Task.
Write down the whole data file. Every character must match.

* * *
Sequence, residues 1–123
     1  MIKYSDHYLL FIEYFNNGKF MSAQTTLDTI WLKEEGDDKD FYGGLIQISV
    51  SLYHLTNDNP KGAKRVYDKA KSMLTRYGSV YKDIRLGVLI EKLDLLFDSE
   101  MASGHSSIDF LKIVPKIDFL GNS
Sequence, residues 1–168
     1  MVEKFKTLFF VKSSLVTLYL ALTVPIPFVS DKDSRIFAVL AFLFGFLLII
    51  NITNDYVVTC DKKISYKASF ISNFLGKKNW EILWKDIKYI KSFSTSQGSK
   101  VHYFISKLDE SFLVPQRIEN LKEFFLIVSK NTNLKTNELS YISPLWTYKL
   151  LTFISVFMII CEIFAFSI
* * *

Sequence, residues 1–123
     1  MIKYSDHYLL FIEYFNNGKF MSAQTTLDTI WLKEEGDDKD FYGGLIQISV
    51  SLYHLTNDNP KGAKRVYDKA KSMLTRYGSV YKDIRLGVLI EKLDLLFDSE
   101  MASGHSSIDF LKIVPKIDFL GNS
Sequence, residues 1–168
     1  MVEKFKTLFF VKSSLVTLYL ALTVPIPFVS DKDSRIFAVL AFLFGFLLII
    51  NITNDYVVTC DKKISYKASF ISNFLGKKNW EILWKDIKYI KSFSTSQGSK
   101  VHYFISKLDE SFLVPQRIEN LKEFFLIVSK NTNLKTNELS YISPLWTYKL
   151  LTFISVFMII CEIFAFSI